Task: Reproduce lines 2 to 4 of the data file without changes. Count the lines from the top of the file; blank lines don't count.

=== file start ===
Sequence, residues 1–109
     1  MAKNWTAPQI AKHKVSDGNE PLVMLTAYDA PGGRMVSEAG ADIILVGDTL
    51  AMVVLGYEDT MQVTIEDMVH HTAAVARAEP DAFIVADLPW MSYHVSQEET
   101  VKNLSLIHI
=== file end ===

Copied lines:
     1  MAKNWTAPQI AKHKVSDGNE PLVMLTAYDA PGGRMVSEAG ADIILVGDTL
    51  AMVVLGYEDT MQVTIEDMVH HTAAVARAEP DAFIVADLPW MSYHVSQEET
   101  VKNLSLIHI